ORLANDO, Fla. – Democrats fear that 2022 could be the year Florida is firmly established as a red state.
With Election Day just over a week away, Republicans appear poised to take control of the state again. Gov. Ron DeSantis (R) leads by a wide margin over his Democratic rival, former Rep. Charlie Crist (D-Fla.), while Rep. Val Demings (D-Fla.) is trying to break through in an effort to unseat Sen. Marco Rubio (R-Fla.).
Of course, one election alone does not indicate a trend. But a strong Republican showing next month would add to the GOP’s winning streak in Florida at a time when many Democrats are already questioning their future prospects in a state once considered the nation’s battleground state.
“I don’t think anybody expected us to get away with it in 2022,” said one Florida Democrat. “But we also have to recognize that there are some deeper issues here. Florida is an extremely populist state. It’s also a conservative state.”
The outlook is already dire for Florida Democrats. Last fall, the number of registered Republican voters surpassed the number of registered Democrats for the first time in the state’s modern political history. And that edge has only expanded since then.
As of November 2021, there were about 6,000 more registered Republican voters than Democrats. By the end of September, that advantage was nearly 300,000, according to data compiled by the state. By comparison, in 2008, when former President Obama carried Florida by about 200,000 votes, the state had nearly 700,000 more registered Democrats than Republicans.
Another troubling sign for Florida Democrats is that Republicans pulled ahead in Thursday’s early voting. Democrats have typically relied on building a strong early voting advantage to make up for shortfalls in Election Day voting, which is usually dominated by Republicans.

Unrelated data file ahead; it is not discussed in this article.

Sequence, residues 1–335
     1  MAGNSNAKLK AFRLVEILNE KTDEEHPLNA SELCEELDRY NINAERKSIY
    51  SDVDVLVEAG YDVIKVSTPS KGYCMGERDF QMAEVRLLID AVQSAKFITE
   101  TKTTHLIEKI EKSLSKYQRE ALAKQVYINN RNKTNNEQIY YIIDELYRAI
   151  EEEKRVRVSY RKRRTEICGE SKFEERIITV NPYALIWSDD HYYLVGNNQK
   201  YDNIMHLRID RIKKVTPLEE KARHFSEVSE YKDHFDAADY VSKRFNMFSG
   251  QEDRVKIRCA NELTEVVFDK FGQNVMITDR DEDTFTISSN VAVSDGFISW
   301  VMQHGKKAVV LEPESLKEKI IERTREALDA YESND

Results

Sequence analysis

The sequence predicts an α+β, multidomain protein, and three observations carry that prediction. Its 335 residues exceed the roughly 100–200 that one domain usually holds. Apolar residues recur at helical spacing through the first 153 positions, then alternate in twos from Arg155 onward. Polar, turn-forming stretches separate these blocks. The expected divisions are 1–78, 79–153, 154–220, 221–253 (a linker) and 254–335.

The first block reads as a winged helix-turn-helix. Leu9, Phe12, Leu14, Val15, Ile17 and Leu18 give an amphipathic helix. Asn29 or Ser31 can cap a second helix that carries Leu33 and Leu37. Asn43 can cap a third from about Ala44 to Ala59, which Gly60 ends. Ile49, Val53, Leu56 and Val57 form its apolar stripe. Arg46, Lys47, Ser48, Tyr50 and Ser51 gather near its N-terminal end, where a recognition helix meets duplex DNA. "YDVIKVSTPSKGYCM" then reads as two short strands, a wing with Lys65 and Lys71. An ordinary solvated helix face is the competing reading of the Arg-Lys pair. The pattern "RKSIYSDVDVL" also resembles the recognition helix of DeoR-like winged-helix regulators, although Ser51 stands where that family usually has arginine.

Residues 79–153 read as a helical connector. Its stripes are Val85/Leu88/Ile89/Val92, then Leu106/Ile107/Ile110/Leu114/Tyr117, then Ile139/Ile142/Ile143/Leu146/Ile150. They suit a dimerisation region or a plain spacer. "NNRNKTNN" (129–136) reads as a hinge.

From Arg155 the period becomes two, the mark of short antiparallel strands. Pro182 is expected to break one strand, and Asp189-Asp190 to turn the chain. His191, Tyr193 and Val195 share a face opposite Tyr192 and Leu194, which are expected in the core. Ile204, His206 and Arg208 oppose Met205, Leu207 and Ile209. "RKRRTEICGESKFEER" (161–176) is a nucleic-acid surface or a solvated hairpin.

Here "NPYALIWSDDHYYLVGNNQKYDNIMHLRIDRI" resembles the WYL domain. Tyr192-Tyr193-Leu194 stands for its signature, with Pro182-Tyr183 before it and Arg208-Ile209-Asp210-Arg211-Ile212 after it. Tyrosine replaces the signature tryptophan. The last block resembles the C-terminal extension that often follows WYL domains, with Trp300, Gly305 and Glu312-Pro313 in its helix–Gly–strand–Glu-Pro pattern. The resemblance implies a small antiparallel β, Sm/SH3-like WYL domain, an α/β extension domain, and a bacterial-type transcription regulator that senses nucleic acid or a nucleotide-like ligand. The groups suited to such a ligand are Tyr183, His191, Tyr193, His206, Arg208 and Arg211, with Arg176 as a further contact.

At the same time, the state Democratic Party is facing another upheaval. Thomas Kennedy, a member of the Democratic National Committee (DNC), on Thursday called on state party chairman Manny Diaz to step down after mid-term, saying the party needs new leadership if Democrats are to remain a political force in Florida.
In the interview, Kennedy acknowledged that some of the party’s woes in Florida were beyond his immediate control and that he never expected Democrats to make big gains in Florida in 2022, given the tough political environment the party faces nationally.
But he said Democrats have also failed to build the kind of long-term organizational and political structures in Florida that give Republicans the upper hand in the state.
“There are external factors — gerrymandering, corporate interests that are against us, population growth,” Kennedy said. “But as Democrats, we have to admit that our infrastructure is bad. Our news is shit. We’re neglecting Hispanic outreach and Haitian outreach.”
“We went full on the abortion issue — which was really important and something we should be talking about — but we completely neglected the economic issue, and that’s been a problem for national Democrats overall.”
While Republican dominance in Florida is nothing new — the GOP has controlled both the governor’s mansion and the state Legislature for more than two decades — the state’s political shift has come into sharper relief in the six years since former President Donald Trump first carried the state.
Former Sen. Bill Nelson (D-Fla.), a longtime mainstay of the state’s Democratic politics, narrowly lost re-election in 2018 to then-Gov. Rick Scott. That same year, Democrats missed an opportunity to reclaim the governor’s seat when their candidate, Andrew Gillum, lost to DeSantis.